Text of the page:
Friday, May 2, 2008

Would we have Violence without Fear?

I commented on how violence is a form of enclosure, but is fear even more enclosing? A couple of years ago, my partner, Stephanie, and I were robbed by a couple of men while we were walking down the street. I was pushed to the ground and had some scratches and Stephanie lost her purse and all its contents. They ran off. We didn’t even see their faces, and the whole thing lasted about 15 seconds. In the world of crime, we were lucky, and more inconvenienced than anything else. But for weeks after, every time a large man was walking quickly anywhere near me, I felt scared. I tried to talk myself out of being afraid by using phrases like, “Don’t be ridiculous” or “Get a grip on yourself.” That didn’t help. I played the robbery over and over in my mind, with me incapacitating the robber with ever increasing violent images. Finally a friend gave both of us a refresher course in self-defense. My fear and my fantasies went away, and I was once again able to walk down the street, aware of and enjoying my surroundings.

As a commons activist, I resist enclosure as much as I can, and I find I can do a lot to resist being enclosed by fear, and I like to think that this serves to also resist the enclosure of violence. For starters, I forgive myself when I feel afraid. It was not helpful to yell at myself for being afraid, and it just made me frustrated.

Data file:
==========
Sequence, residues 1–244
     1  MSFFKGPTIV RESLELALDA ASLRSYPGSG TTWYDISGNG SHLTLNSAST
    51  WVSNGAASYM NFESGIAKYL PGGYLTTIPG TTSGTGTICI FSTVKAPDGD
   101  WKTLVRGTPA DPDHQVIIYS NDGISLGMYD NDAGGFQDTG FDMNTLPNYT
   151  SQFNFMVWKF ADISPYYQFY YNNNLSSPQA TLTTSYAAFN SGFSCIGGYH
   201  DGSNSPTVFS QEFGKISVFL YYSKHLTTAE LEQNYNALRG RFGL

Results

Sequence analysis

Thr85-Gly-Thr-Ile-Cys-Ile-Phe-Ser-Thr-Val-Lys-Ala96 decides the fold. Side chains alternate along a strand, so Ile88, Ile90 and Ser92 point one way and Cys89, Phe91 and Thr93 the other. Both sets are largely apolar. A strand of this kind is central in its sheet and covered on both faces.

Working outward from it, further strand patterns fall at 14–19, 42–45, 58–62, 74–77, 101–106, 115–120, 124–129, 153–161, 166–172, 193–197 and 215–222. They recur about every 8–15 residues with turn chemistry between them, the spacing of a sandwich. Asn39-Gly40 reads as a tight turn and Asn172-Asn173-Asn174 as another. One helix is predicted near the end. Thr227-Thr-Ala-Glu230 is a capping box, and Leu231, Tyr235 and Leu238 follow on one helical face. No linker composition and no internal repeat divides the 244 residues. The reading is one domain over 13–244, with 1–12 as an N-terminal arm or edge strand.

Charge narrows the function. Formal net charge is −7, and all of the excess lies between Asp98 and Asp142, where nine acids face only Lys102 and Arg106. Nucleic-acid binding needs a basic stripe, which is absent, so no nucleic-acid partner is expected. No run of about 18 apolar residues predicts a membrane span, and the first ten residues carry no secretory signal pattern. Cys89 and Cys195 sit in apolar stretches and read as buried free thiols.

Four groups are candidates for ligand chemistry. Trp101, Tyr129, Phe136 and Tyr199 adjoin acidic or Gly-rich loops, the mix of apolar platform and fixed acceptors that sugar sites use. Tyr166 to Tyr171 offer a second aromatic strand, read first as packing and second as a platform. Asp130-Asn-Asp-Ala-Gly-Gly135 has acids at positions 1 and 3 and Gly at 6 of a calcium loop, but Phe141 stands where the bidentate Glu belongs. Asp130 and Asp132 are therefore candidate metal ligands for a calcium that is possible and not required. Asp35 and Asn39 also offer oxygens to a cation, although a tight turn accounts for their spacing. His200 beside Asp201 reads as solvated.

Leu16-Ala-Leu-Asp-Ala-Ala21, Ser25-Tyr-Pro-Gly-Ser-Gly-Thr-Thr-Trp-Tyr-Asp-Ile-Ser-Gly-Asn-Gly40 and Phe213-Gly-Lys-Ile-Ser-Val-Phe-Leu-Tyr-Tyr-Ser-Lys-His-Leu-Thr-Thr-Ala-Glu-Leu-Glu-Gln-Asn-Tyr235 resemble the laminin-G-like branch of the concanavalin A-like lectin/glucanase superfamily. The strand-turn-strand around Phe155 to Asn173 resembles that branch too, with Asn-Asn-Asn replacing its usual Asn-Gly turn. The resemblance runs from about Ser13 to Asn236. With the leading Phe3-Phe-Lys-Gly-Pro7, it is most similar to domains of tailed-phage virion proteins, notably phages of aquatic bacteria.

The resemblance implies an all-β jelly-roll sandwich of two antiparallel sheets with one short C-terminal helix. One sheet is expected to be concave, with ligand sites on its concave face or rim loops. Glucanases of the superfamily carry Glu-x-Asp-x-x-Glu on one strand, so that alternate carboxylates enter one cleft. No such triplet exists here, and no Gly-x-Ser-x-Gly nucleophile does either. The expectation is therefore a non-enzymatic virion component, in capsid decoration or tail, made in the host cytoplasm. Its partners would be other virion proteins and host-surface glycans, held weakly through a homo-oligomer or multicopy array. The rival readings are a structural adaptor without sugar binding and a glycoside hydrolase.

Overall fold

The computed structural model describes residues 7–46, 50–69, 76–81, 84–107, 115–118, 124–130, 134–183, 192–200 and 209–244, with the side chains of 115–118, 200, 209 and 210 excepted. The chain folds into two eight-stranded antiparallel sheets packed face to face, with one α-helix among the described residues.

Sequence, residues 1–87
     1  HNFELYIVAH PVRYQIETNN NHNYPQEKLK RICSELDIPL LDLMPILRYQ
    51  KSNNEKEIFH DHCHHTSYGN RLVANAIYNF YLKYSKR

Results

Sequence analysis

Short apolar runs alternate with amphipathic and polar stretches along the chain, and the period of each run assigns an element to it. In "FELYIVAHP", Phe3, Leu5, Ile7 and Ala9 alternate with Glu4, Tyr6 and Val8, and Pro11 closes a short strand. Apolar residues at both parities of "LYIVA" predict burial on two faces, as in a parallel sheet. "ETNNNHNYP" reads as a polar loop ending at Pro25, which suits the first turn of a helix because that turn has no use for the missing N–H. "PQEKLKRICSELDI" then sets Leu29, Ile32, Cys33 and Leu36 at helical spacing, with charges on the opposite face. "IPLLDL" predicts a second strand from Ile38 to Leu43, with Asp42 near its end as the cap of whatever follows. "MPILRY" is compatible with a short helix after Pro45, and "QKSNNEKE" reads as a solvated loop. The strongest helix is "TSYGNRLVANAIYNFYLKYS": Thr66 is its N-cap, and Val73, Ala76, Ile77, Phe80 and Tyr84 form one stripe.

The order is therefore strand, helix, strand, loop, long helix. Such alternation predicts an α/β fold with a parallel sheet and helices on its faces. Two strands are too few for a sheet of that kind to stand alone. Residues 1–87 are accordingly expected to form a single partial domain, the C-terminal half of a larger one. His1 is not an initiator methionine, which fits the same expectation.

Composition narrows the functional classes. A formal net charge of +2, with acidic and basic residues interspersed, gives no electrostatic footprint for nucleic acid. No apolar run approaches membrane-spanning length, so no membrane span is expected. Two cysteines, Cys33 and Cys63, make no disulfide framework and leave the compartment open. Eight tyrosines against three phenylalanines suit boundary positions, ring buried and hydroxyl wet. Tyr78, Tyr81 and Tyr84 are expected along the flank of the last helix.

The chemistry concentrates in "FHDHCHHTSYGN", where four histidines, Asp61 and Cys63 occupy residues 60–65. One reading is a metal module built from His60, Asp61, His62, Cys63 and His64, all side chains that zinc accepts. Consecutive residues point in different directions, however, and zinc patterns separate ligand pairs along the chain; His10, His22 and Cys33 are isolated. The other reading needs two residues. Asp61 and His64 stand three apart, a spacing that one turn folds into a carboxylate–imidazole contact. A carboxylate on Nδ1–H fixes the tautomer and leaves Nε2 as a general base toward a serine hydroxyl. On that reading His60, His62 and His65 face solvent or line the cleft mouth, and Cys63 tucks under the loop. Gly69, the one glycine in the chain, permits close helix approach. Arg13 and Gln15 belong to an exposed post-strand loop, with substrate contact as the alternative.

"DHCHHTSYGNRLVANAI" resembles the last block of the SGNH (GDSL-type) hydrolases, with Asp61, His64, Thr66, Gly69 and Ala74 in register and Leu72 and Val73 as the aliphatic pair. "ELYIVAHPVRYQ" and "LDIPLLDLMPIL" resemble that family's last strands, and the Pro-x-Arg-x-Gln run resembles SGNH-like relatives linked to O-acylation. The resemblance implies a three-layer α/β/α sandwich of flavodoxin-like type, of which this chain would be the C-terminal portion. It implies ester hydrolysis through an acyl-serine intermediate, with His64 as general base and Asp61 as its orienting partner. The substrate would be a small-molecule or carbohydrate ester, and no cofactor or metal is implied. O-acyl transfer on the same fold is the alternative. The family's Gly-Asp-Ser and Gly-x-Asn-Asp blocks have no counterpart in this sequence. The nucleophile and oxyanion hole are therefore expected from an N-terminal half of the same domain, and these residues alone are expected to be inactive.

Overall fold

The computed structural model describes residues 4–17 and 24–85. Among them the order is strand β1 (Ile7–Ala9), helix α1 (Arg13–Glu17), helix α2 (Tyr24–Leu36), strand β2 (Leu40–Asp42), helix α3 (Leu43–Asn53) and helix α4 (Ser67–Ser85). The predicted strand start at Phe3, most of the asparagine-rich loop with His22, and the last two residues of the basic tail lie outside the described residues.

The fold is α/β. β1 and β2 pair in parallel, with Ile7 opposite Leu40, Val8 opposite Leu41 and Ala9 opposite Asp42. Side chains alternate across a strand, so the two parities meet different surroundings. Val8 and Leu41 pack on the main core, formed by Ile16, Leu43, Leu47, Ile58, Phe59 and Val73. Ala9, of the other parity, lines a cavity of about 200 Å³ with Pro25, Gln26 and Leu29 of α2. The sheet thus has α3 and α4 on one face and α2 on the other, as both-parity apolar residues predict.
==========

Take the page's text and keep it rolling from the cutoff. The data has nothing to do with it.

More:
Also, I notice that when I watch violent TV shows I feel more both more violent and more scared, and I allow violent images into my head more easily. There is no conclusive evidence that adults watching TV violence are either more violent or more frightened, so I don’t think everyone has to give up “Law and Order” or “CSI Miami.” But I do.

When I see an altercation in the street, I walk toward the people involved or make a point of staring at them. I want them to know they are being witnessed. This includes watching police arrest someone. I keep my eye on children that seem unattended by an adult and in general, I am a little bit of a busybody.

I also research just what kinds of violence are most common in the places I am living or visiting. Most places are way safer than we realize, and most violence is between people who know each other.

Reducing violence in our communities would reduce our fears. But reducing our fears will also reduce violence.

1 comment:

Rona Fernandez said...

i love these posts on violence / fear (they're really twins) as enclosure, Kim. i wholeheartedly agree with you, and see violence and fear as two of the main options often available to many oppressed people (poor folks, immigrants, people of color, youth) who lack other ways to express themselves or their power. Unfortunately, of course, that fear and the violence it breeds is most often inflicted upon people who are just as if not more powerless than they are.

Profoundly important ideas and words during this day and age.